A Theologian for Europe between Ecumenism and Federalism
Edited By Filippo Maria Giordano and Stefano Dell'Acqua
The directors of the WWC were strongly committed to federalism, partly because of the political traditions of the states from which their member churches originated (Switzerland; Great Britain and its Commonwealth; the United States), and partly because of their conviction that a simple confederation of states, based on the model of the League of Nations, would be completely incapable of containing national ambitions. In spring 1944, Visser ’t Hooft welcomed into his Geneva home the representatives of the European Resistance, who, under the leadership of Altiero Spinelli and Ernesto Rossi, signed the International Federalist Declaration of the Resistance Movements. These historic transnational encounters, aimed not only at coordinating military action or seeking diplomatic contacts but at exploring ways to «build» peace and re-establish the future of the Continent on new foundations, marked a profound break with the past.
W. A. Visser ’t Hooft between Ecumenism and Federalism. The Idea of European Unity
Biographical Background: Ecumenism and Europeanism
W. A. Visser ’t Hooft between Ecumenism and Federalism:
The Idea of European Unity
Filippo MARIA GIORDANO
Dutch pastor Willem Adolph Visser ’t Hooft devoted an entire chapter of his Mémoires to the European Resistance movements, whose representatives met in Geneva at the beginning of 1944 “afin de coopérer et dans leur combat commun et dans l’organisation de la paix”1, which, in the vision of the then Secretary of the newly formed World Council of Churches, was to be achieved through the political unity of the European states. According to Visser ’t Hooft, only a European federation, “[…] [would] probably be […] accepted by the large masses of Europeans who seek above all a real guarantee against further wars and economic ruin”2.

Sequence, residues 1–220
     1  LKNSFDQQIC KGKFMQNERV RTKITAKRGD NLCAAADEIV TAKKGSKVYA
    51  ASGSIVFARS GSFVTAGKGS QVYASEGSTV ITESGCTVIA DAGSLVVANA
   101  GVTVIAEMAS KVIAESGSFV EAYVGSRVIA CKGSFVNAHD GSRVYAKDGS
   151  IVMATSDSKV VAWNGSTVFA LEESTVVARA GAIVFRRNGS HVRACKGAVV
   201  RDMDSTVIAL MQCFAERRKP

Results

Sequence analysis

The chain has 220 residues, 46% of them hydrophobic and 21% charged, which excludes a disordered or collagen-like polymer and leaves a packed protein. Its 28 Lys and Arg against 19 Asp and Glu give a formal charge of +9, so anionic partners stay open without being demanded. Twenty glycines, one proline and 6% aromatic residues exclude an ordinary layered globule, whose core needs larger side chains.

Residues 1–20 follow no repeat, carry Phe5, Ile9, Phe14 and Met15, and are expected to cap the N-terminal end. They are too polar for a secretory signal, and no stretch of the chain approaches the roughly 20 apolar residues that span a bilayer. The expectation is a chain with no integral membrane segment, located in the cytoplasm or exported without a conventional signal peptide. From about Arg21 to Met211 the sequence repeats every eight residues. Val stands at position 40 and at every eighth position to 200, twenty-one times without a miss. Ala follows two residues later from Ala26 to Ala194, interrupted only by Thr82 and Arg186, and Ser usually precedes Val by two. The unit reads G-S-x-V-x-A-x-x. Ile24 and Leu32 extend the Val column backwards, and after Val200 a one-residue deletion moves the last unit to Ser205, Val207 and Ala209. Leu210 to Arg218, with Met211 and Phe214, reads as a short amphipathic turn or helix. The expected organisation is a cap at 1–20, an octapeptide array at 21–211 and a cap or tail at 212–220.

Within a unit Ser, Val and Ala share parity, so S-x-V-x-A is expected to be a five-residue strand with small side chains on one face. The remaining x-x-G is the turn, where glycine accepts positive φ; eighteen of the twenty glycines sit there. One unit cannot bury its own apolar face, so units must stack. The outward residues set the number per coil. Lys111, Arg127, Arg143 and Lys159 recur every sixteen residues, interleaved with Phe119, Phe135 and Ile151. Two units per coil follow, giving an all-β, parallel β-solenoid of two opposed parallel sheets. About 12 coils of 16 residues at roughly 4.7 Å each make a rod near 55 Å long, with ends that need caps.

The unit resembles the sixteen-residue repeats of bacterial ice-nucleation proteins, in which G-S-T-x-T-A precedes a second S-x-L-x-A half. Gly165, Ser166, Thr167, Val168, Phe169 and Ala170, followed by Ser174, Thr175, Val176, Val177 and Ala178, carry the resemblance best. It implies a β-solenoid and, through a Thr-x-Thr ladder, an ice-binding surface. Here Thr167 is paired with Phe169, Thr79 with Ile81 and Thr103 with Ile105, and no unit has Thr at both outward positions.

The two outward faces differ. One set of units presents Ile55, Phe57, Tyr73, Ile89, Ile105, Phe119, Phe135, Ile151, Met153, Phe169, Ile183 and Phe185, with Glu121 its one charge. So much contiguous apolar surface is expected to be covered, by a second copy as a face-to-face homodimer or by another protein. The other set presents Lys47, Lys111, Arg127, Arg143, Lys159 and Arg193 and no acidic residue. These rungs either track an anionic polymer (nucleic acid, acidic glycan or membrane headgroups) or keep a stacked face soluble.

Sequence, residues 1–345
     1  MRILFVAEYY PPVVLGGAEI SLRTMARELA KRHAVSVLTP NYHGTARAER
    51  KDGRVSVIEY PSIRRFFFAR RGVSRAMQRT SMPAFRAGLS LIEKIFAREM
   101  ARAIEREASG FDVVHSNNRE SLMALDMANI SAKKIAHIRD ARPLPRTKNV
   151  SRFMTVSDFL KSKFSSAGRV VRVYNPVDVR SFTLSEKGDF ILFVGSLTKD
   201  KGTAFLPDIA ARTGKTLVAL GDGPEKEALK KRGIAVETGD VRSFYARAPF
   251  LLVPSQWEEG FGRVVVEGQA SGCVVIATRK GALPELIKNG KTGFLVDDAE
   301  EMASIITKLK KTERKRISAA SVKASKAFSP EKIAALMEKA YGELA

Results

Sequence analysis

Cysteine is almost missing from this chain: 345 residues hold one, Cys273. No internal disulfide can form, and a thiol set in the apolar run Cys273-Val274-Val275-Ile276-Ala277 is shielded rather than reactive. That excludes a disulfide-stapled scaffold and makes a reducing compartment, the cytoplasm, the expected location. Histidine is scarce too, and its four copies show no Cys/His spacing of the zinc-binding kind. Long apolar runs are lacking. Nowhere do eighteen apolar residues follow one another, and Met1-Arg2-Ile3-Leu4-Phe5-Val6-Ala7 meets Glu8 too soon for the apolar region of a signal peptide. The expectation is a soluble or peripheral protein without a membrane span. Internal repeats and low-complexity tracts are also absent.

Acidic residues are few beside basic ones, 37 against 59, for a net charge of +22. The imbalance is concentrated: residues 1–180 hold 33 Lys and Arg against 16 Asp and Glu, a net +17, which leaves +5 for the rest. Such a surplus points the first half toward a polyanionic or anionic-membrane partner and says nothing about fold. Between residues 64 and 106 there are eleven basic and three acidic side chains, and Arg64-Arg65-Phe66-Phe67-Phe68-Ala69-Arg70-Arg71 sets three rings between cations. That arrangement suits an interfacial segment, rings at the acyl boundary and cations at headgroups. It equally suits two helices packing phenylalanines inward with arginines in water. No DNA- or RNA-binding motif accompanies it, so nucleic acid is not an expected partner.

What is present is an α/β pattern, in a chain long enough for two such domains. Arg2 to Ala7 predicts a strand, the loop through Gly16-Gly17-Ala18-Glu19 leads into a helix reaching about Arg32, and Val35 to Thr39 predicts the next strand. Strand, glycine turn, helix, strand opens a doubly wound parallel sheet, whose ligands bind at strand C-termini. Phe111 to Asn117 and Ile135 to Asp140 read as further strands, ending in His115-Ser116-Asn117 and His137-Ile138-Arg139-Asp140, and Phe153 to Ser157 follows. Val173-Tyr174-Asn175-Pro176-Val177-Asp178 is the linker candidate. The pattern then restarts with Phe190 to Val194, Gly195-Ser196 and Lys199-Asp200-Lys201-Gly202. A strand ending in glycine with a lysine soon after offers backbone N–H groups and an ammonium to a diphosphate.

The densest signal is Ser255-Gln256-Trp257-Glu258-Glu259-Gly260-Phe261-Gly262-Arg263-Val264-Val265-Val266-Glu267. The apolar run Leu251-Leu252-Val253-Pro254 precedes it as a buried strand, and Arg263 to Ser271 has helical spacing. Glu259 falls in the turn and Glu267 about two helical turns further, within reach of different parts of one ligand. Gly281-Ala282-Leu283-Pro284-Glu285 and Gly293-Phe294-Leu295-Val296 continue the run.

What was the starting point and when did he start conceiving of the idea of European federation? What role did the Dutch pastor play in fostering the spread of this political ideal during the Resistance? What ideological reasons led him to make the federal unity of Europe the ultimate goal of his Christian commitment? Finally, which religious principles influenced his political thought on the re-establishment of a new European and world order, shifting his interests from the traditional concept of the nation-state to that of a supranational organisation able to overcome and restrain all of the most harmful particularisms?
You are not authenticated to view the full text of this chapter or article.
This site requires a subscription or purchase to access the full text of books or journals.
Do you have any questions? Contact us.Or login to access all content.